So, recently I was asked by a friend what would make the best e-reader – the Kindle or the iPad. It’s a great question. I think it boils down to five key issues. I’ve listed them below (and made them all start with “P” – isn’t that cool?).
Before I start, let me throw out my disclaimer… I own the latest Kindle. And, I absolutely love it. And, I don’t own an iPad. So, while I think my thoughts about the two as e-readers are accurate, realize that I have some obvious bias.
Now, with that out of the way, here are the five issues I think anyone should consider when buying an e-reader:
The first and most important question is “What is your purpose?” Are you looking to read books? read Magazines? read a little bit and surf the web a little bit? Your purpose matters a great deal.
In my opinion if you purpose is to read book, then without any doubt, I would recommend the Kindle. It is simply a better format to read from. The “e-ink” technology it uses on the screen is MUCH easier to read than the computer-like back-lit display that the iPad uses. Simply put, I couldn’t imagine truly reading on the iPad for 20-30 minutes straight. The eye strain would simply do me in. However, if I want to be able to surf the web, watch a quick video while I read, etc., then the iPad is the only choice.
For true, simple reading, I think the Kindle is the platform of choice.
By place, I am thinking of the location and time you will be reading. And, once again, this boils down to the way the two devices display the text. If you are reading in a dark environment or at night in bed without lights turned on, then the iPad is the only choice (although eye strain is still a consideration – see above). The Kindle simply cannot be seen with out the lights turned on. Obviously, there are third party lights available, but the fact remains that without assistance the Kindle can’t be red when it is dark.
However, if you want to read outside, in bright light, by the pool or beach, etc. Then the Kindle is the only choice. Bright, direct light (especially sunlight) makes the iPad unreadable. If you have a laptop, try taking it outside and working on it in bright sunlight. You can’t read the screen. The same is true for the iPad. It simply can’t be red in bright sunlight.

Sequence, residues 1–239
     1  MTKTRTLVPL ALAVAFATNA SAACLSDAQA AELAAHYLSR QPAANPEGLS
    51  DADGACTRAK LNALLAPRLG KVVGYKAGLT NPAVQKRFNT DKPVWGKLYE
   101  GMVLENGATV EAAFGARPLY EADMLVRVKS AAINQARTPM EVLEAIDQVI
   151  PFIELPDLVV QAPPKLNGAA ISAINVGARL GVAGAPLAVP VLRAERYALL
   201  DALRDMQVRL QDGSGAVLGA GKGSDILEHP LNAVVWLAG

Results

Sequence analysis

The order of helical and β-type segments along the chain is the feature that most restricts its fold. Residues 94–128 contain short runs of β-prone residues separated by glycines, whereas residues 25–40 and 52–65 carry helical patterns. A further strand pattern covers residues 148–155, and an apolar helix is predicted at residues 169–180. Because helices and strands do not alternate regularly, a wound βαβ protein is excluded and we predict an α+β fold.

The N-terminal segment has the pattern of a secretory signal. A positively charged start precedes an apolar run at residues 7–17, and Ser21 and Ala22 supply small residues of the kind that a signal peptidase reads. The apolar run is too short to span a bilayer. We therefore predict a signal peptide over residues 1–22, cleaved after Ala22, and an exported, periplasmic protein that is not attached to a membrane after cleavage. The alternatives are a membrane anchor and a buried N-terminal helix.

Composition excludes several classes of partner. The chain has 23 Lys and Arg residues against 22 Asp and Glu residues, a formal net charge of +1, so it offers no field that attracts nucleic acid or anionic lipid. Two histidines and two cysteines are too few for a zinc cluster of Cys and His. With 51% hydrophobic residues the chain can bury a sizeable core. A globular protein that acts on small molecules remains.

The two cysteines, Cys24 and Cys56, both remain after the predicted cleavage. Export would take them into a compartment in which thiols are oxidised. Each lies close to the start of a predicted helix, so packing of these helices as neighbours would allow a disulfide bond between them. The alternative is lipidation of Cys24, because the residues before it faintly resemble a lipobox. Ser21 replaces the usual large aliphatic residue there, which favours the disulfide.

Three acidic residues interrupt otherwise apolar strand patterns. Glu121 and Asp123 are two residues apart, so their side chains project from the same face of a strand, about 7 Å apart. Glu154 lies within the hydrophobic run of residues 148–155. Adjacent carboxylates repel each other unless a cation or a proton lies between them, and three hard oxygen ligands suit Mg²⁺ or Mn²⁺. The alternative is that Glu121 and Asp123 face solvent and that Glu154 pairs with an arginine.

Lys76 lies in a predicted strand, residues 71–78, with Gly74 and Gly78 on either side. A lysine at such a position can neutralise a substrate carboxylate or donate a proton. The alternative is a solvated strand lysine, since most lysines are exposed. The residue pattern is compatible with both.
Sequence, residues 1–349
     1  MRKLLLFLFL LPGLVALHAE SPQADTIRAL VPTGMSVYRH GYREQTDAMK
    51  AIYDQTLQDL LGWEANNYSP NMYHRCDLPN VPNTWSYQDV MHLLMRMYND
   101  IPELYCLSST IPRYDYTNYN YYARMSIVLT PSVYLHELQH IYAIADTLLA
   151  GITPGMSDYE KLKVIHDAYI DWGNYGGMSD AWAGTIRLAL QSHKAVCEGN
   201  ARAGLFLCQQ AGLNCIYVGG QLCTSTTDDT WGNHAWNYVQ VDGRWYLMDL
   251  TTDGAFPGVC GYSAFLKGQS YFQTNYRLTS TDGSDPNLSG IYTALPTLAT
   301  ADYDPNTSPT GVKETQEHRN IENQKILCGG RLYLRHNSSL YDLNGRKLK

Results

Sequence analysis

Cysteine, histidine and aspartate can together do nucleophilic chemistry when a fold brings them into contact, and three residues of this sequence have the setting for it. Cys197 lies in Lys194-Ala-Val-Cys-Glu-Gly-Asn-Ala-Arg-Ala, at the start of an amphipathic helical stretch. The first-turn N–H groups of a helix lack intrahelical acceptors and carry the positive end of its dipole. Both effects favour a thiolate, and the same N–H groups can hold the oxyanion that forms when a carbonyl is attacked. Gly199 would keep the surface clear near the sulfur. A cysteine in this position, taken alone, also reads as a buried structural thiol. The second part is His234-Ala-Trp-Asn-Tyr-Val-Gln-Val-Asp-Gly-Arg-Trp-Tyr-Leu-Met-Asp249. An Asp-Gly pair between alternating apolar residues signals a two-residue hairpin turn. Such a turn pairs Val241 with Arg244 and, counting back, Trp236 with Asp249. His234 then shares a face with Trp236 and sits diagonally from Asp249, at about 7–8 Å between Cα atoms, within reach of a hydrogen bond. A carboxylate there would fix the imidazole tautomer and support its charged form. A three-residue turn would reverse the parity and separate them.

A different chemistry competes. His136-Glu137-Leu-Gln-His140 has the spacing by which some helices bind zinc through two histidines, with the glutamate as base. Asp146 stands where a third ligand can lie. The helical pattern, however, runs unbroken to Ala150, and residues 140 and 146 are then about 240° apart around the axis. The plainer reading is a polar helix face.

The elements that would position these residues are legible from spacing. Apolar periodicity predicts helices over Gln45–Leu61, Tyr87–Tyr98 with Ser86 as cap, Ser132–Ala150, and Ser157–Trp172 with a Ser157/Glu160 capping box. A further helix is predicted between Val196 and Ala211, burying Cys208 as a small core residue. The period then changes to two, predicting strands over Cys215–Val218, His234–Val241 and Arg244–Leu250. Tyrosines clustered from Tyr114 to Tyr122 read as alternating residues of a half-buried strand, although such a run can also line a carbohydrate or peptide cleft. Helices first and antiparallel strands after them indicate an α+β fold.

So, your LOCATION and your LIGHTING will affect your choice. No clear winner here – it simply depends on where you want to read.
This relates to battery life. While the iPad boasts an impressive battery lie of “up to ten hours”. The Kindle can easily go for ten DAYS (yeah, days). So, you could easily fly from New York to Los Angeles and not have to charge your iPad. But, you could travel around the world and not have to charge your Kindle.
While Kindle is the clear winner on batter life, the question has to be asked: how important is it for a battery to last for days and days? Is it a burden to have to recharge the ipad every day or so?
For portability, I am thinking about size and weight. And, while the iPad is small and light (9.56″ x 7.47″ x 0.5″ and weighing only 1.5 pounds), the Kindle is even smaller (7.5″ x 4.8″ x 0.335″ and weighing only 8.5 ounces).
If your desire is to get the smallest and lightest device possible, the Kindle is the solution.
But, once again, the question is how much does this matter. And, more importantly, is the bigger iPad better. Does the bigger screen make reading easier. The answer is yes, but…
Yes, a bigger screen is typically easier to read. But, the backlit led screen is just not that easy to read for an extended period of time when compared to the Kindle.
|This issue is pretty simple. The cheapest Kindle (wi-fi only) is $139. The cheapest iPad is $499. That’s a $360 difference!|
For pick, I am thinking about the selection of books available to read.
While there is no doubt that Amazon has a huge selection of books available for the Kindle, all of these are also available for the iPad (via the Kindle app on the iPad). Plus there are many other options for the iPad – Apple’s bookstore, other epub formats, etc.
If you what you want is the largest selection, then the iPad is the choice. Thanks to the Kindle app, there is nothing you can read on the Kindle that you can’t read on the iPad. And, there are many books available for the iPad that aren’t available for the Kindle.